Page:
It is readily apparent that under the “games as play” approach, the question as to whether a game can make you cry is ridiculous – since theatre comes under this definition, games under these kinds of definitions had always already made people cry, even before the first videogame. You could tighten up the definition to exclude purely narrative forms, but then (as we shall see) we fall into the other trap.

From the “games as systems” approach, the problem is that the formal system aspects of games evokes a number of emotions – Nicole Lazzaro has grouped these into sets in her 4 Fun Keys model – but none of these emotions will make you cry, except perhaps frustration (a form of anger), as happens when a game drives you to such rage that you throw your controller across the room. But these kind of tears are not what the question we are pursuing is talking about: it is referring to tears of sadness or tears of joy – the kind of emotional response that one can have from a story. And tellingly, Nicole's initial paper on her model is subtitled “four keys to emotion without story”. Story has to be excluded, because by the process of empathising with fictional characters it is possible to evoke any emotion in a story.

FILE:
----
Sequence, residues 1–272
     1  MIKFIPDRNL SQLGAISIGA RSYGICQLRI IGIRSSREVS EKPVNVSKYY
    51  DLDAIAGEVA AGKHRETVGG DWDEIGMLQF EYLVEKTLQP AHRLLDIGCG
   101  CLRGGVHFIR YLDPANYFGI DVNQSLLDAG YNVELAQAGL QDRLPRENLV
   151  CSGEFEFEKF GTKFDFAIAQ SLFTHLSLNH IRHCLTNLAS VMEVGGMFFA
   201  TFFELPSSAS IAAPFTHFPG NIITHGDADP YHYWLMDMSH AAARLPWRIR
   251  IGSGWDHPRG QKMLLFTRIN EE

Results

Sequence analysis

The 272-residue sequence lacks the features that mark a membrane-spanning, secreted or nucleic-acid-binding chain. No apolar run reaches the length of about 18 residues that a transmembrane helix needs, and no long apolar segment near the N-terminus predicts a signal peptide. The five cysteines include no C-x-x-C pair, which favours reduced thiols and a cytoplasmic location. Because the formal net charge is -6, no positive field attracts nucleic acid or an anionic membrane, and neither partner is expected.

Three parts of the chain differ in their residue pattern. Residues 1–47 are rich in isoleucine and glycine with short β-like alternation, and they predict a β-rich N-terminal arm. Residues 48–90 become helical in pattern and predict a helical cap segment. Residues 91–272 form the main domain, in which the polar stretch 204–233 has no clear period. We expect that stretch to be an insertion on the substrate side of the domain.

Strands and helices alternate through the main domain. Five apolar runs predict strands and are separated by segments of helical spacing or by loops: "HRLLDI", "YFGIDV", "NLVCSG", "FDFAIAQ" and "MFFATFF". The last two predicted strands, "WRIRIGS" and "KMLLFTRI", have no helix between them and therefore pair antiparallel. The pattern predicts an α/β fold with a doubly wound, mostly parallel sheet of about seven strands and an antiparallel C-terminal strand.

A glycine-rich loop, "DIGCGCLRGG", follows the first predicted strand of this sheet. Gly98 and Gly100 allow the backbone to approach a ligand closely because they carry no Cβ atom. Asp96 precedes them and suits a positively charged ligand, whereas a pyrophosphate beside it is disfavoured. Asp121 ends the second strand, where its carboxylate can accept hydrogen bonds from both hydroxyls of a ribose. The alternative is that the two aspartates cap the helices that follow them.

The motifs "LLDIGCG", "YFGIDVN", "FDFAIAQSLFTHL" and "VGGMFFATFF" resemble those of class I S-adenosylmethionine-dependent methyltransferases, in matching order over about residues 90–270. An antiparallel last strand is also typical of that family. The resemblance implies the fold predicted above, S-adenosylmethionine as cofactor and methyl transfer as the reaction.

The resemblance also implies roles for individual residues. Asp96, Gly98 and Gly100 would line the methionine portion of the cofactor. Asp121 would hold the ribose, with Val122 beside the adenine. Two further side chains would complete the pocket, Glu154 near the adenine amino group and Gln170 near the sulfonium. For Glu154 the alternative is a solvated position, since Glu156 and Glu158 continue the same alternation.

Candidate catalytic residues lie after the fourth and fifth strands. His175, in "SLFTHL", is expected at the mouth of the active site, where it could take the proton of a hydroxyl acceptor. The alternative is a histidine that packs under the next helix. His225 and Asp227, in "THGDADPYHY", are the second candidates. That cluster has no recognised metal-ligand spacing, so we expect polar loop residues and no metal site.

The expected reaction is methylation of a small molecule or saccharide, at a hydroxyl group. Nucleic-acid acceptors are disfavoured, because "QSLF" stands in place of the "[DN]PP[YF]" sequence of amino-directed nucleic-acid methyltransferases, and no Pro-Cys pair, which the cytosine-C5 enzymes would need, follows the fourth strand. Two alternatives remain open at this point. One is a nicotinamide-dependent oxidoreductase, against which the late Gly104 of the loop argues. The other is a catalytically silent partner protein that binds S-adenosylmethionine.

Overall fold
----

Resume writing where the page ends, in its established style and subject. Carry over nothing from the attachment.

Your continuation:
This is the nub of the issue here: a story can make you cry by empathising with the protagonist (or another character), but a game (when viewed as a formal system) cannot do this. It follows that the only way that a videogame can make you cry is by using narrative tools that have nothing to do with games as formal systems whatsoever. So even though, for instance, many people report that they cried when they played Final Fantasy VII at the fateful scene (and indeed, several other cRPGs also show up in player studies as having provoked tears) the moment that actually brought the player to tears was a non-interactive cut scene. It wasn't the game (in the systems view) that made them cry – it was the story – and there never was a question as to whether stories could make you cry.

Hence this question collapses in upon itself. Under the “games as play” view, the question is entirely irrelevant, and under the “games as systems” view, it is the story-aspect of a game that has made people cry, not the game itself. I therefore conclude that a videogame has never made you cry.